Metro Denver Homeless Initiative, a body responsible for distributing federal funds to address homelessness in the seven-county Denver Metro region, has put out a shocking report under the banal title, “State of Homelessness 2020 Report.”
Though the annual Point In Time (PIT) count for 2020 determined there were 6,104 people experiencing homelessness in the region, the count in the HMIS data system that tracks unique individuals who seek aid was 31,207: a factor of more than 5 times greater.
Despite a common belief that addiction and bad choices are the cause of homelessness, the report shares that “the top reasons of homelessness in the region are high housing costs, a lost job or inability to find work, and relationship or family break up . . . .” The overview section is brief yet rich:
“This report highlights two overarching trends in homelessness. First, inherent in homelessness, is the racial inequity that must be addressed. Second, the only long-term solution to homelessness is housing. The region faces a significant affordable housing crisis, worsened by the COVID-19 pandemic’s economic impact.”
This year’s Boulder PIT count showed Black people are 12 time more represented in the County’s unhoused population compared to the general population. For the region, indigenous people are 7 times overrepresented. Combined with the fact that, per the report, “the leading cause of homelessness, not just in this region but around the country, is a lack of affordable housing,” gentrification, failure to invest in affordable housing, inequitable (read racist) lending policies, and the wealthy using real-estate as an investment vehicle, all lead to the crisis in homelessness.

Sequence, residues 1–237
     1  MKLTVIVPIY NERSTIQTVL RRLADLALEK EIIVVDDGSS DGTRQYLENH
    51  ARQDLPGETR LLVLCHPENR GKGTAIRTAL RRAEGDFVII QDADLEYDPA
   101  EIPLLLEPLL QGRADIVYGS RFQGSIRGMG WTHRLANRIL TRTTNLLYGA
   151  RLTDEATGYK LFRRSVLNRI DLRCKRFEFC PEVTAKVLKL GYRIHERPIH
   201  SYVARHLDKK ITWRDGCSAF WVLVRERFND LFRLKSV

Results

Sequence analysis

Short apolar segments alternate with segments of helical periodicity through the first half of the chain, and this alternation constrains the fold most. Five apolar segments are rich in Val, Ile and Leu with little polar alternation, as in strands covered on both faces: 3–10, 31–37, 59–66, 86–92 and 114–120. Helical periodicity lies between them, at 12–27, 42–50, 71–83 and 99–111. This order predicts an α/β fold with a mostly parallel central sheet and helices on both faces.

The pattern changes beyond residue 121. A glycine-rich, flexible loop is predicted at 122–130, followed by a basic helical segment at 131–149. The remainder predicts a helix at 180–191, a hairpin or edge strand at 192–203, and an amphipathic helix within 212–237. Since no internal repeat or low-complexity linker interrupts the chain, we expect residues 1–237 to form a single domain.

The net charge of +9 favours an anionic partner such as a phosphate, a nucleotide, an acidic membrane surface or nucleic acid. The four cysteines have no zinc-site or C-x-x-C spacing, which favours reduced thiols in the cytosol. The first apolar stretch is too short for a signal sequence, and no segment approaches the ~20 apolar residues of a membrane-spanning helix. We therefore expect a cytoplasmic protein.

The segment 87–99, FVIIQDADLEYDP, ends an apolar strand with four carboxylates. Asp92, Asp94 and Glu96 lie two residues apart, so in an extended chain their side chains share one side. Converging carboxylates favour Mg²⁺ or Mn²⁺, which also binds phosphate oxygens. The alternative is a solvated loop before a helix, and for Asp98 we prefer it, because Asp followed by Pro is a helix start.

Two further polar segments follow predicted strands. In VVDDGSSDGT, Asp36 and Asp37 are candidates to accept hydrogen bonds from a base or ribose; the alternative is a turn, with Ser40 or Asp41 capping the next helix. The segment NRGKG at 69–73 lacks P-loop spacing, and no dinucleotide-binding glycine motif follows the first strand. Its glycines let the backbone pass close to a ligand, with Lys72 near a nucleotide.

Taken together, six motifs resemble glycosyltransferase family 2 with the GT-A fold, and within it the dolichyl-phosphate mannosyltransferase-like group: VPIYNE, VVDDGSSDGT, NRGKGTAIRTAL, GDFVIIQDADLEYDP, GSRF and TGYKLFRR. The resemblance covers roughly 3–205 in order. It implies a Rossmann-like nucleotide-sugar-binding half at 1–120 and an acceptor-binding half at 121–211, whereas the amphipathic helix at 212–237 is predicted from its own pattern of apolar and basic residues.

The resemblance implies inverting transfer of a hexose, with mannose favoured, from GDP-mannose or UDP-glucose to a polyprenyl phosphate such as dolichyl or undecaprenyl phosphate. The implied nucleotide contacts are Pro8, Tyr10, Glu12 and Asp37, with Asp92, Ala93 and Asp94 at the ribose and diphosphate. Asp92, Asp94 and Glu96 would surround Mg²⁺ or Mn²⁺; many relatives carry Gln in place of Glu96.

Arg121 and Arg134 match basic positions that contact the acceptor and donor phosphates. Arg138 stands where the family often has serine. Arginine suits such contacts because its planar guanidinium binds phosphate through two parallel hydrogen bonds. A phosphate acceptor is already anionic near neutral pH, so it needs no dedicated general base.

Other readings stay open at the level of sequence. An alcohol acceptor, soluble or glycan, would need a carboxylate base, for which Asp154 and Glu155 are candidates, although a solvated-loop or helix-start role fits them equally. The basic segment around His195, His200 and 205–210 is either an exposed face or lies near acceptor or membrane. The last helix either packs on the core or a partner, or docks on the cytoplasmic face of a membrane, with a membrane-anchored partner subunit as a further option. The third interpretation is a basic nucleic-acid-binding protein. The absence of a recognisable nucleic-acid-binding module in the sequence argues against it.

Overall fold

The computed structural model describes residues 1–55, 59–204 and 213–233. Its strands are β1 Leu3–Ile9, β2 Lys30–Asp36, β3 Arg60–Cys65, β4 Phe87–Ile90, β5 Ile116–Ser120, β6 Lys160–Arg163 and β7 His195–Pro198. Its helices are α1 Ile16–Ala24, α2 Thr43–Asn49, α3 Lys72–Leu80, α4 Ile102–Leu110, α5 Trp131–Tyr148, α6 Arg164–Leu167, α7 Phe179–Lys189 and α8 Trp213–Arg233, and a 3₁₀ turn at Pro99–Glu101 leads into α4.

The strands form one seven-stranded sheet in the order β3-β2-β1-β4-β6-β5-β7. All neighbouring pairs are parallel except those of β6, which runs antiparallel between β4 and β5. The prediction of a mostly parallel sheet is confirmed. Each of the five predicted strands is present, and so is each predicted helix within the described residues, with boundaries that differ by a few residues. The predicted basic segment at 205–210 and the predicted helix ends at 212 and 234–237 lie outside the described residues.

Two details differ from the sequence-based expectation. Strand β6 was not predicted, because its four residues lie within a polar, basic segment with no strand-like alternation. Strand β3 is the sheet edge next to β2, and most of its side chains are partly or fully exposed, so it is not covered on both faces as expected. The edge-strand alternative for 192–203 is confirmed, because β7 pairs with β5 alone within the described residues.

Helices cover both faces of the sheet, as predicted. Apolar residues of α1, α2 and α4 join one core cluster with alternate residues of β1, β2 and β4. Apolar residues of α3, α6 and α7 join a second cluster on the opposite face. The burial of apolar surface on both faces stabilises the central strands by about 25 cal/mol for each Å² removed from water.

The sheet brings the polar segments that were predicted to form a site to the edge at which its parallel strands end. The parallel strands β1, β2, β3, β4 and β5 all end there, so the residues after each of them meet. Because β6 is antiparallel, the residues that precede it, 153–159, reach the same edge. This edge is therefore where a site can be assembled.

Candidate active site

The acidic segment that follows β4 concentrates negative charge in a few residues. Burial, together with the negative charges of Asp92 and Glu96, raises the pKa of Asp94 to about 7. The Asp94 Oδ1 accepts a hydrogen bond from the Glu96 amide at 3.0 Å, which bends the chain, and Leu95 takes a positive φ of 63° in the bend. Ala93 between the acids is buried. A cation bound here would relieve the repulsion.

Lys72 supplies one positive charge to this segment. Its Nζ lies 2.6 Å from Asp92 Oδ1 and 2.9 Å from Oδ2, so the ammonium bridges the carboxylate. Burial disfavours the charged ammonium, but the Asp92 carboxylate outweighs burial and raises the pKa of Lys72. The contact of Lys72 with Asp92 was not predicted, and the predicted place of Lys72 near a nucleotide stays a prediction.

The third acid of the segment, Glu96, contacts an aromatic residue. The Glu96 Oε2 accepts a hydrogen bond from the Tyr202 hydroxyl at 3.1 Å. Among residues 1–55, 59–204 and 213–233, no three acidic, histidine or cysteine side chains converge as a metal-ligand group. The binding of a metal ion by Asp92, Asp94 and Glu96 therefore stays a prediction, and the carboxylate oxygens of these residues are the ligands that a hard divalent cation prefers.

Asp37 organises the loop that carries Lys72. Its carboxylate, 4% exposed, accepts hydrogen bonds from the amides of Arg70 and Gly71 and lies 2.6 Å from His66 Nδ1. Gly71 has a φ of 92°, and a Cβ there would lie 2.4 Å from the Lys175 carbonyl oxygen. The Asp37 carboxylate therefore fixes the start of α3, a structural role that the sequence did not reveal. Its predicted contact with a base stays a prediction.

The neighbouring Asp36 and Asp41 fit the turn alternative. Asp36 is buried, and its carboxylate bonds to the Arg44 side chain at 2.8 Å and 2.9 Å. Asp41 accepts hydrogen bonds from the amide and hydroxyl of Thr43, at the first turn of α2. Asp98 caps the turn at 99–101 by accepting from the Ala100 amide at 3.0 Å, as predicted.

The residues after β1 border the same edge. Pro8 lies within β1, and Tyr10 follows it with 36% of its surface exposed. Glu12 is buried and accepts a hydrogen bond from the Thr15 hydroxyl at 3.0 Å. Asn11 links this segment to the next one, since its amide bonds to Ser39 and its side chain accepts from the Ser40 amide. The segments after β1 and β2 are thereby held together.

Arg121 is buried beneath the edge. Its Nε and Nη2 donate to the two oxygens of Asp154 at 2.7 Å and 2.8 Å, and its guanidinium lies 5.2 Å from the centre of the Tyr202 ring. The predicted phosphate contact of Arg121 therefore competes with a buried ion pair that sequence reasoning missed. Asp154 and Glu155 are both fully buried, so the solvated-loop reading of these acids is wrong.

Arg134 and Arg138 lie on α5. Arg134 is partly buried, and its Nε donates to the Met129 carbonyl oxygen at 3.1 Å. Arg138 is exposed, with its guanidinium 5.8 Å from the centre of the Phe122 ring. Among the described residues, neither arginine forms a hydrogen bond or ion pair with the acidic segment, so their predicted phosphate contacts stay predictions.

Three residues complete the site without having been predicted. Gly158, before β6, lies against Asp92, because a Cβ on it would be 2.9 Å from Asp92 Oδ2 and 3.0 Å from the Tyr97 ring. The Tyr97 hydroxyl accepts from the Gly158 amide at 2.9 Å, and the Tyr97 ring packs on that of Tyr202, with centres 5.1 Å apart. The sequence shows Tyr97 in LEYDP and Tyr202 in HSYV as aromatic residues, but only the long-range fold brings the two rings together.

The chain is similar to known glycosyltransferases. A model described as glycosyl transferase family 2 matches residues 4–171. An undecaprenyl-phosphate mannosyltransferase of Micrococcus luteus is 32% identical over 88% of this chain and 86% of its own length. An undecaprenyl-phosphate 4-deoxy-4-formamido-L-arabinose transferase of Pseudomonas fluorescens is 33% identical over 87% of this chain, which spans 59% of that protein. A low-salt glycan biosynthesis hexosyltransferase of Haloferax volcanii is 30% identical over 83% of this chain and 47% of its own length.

For example, a recent study found that redlining, “a discriminatory practice that puts services (financial and otherwise) out of reach for residents of certain areas based on race or ethnicity,” continues despite supposed efforts to end the practice. “Fifty years after the federal Fair Housing Act banned racial discrimination in lending, African Americans and Latinos continue to be routinely denied conventional mortgage loans at rates far higher than their white counterparts.”
Despite these systemic and racist causes of homelessness, people like Boulder Housing and Human Services Director Kurt Firnhaber continue to argue that providing services just attracts more homeless people – even though the count of people experiencing homelessness in Boulder has increased concurrent with a service bed count decrease of 70%. Firnhaber, before a person recently froze to death in the September snow storm, said “[We need to be] honest with them about what their options are [and] say, ‘We’ll have 180 beds in our community this winter [so] you’re likely not going to have a place to stay . . .”
Turns out racism is at work not only at mortgage lenders, but in local government too.